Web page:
In addition, Mitraclip-treated patients with significant secondary MR yielded an incremental cost-effectiveness ratio (ICER) of $55,600 per quality-adjusted life year vs. GDMT. An ICER score of $55,600 implies that Mitraclip provides a positive health economic value.

In addition to the positive news related to cost effectiveness, COAPT data presented during second late-breaking data presentation showed that Mitraclip continued to remain safe over a longer term follow-up period, with durable MR reduction, reduced hospitalization rates, and improved survival and quality of life vs. medical therapy alone.

The three-year results from the study could help inform a coverage review being conducted by the Centers for Medicare and Medicaid Services for the expanded NCD of the procedure.

Structural heart standing out

Miles White, CEO of Abbott, highlighted the structural heart business during the company's second-quarter earnings call in July, calling out Triclip and Amplatzer Amulet, its left atrial appendage device to reduce the risk of stroke in patients with atrial fibrillation. Mitraclip also was mentioned positively.

"With the rapid adoption of Mitraclip in a highly underpenetrated market, as well as a pipeline of technologies targeting new growth areas that will launch over the next several years, our structural heart business is well positioned for strong, steady growth for years to come."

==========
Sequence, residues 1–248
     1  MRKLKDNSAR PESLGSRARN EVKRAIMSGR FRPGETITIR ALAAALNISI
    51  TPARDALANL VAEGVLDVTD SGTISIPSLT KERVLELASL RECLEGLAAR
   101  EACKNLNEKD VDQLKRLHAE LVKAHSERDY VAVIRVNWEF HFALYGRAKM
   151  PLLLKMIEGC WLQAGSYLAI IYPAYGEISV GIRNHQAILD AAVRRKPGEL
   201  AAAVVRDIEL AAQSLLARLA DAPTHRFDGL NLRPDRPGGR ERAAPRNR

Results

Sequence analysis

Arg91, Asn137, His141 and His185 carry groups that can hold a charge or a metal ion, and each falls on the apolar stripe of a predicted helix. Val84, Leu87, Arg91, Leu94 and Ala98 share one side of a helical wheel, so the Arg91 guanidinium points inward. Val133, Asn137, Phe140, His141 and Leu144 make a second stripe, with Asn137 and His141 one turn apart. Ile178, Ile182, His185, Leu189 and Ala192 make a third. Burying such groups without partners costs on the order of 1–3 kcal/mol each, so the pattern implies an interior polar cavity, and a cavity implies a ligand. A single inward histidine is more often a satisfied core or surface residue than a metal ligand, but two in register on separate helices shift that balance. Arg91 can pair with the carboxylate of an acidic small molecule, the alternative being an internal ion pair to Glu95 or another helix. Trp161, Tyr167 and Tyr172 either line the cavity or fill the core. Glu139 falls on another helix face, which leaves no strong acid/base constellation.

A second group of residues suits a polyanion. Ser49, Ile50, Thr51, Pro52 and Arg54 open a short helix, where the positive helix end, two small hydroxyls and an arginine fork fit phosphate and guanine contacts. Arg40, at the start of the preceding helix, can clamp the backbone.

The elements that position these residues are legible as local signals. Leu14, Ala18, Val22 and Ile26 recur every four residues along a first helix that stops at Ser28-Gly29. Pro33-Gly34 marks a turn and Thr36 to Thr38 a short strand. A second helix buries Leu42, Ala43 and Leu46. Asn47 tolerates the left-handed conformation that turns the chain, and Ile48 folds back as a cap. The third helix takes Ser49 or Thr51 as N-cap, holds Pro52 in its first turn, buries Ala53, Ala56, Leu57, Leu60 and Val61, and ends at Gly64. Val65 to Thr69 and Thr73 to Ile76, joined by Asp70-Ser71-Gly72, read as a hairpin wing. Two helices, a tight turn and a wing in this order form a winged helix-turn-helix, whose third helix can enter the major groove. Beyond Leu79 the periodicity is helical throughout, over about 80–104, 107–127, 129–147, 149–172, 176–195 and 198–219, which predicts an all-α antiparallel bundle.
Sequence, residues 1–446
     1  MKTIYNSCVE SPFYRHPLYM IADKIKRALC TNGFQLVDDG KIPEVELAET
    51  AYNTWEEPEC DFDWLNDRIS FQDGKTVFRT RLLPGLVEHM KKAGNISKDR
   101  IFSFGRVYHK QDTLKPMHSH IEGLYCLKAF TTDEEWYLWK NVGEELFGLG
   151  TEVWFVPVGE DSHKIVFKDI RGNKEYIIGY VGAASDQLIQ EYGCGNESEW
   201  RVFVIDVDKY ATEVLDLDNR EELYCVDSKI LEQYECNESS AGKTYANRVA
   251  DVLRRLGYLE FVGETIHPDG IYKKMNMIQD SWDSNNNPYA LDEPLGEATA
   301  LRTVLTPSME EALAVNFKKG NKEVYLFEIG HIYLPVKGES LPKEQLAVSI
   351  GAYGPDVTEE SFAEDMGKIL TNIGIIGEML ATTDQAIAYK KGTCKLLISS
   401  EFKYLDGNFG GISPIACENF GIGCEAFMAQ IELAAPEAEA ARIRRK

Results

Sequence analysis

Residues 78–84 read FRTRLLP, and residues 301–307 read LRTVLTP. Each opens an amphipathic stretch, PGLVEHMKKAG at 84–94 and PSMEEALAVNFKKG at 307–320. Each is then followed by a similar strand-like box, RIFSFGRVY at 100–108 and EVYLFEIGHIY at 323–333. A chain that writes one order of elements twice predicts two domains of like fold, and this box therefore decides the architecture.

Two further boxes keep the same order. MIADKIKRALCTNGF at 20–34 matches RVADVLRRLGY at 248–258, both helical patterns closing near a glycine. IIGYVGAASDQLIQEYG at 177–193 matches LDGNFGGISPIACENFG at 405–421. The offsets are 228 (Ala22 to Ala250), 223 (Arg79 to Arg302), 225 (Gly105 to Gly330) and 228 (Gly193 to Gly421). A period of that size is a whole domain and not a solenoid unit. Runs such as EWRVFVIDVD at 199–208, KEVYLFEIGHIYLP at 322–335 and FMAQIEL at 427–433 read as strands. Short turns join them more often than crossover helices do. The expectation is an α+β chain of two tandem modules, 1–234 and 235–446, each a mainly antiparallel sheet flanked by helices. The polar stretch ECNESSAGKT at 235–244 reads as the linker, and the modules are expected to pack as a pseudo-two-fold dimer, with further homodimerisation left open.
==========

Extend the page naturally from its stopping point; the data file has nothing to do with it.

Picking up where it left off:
Indeed, Cowen analyst Joshua Jennings saw the company's structural heart business as making strides at TCT, also highlighting the Portico self-expanding transcatheter aortic valve replacement valve. Portico was shown to be noninferior to available valves – namely Edwards Lifescience Corp.'s Sapien and Medtronic plc's Corevalve, in extreme or high-risk aortic stenosis patients at one year. (See BioWorld MedTech, Sept. 30, 2019.)

"The news should be well received by clinicians and investors alike, as the clinical program had suffered setbacks including an extended enrollment period during which ABT addressed reduced leaflet mobility findings," Jennings noted.

For his part, Wells Fargo's Larry Biegelsen sees an unclear role for the device, particularly as the rate of paravalvular leak (PVL), vascular complications, and new pacemakers were higher in the Portico arm vs. control arm. While the new Flexnav delivery system, used in 100 patients, did lower the rate of vascular complications and pacemakers, PVL rates were not affected.

"We expect the next-generation Portico valve, which is being studied in a clinical trial now, to reduce the rate of PVL because it has a skirt."

Biegelsen said the next-generation device in the U.S. is expected in 2021, but should only capture about 4% of the transcatheter aortic valve replacement (TAVR) market. Jennings acknowledged that the Portico's role in TAVR has been the subject of debate, but its ease of deployment is a plus. "Abbott will, however, likely need to undercut competitors on price to gain market access according to our checks. MDT would most likely be a share donator in this scenario," he added.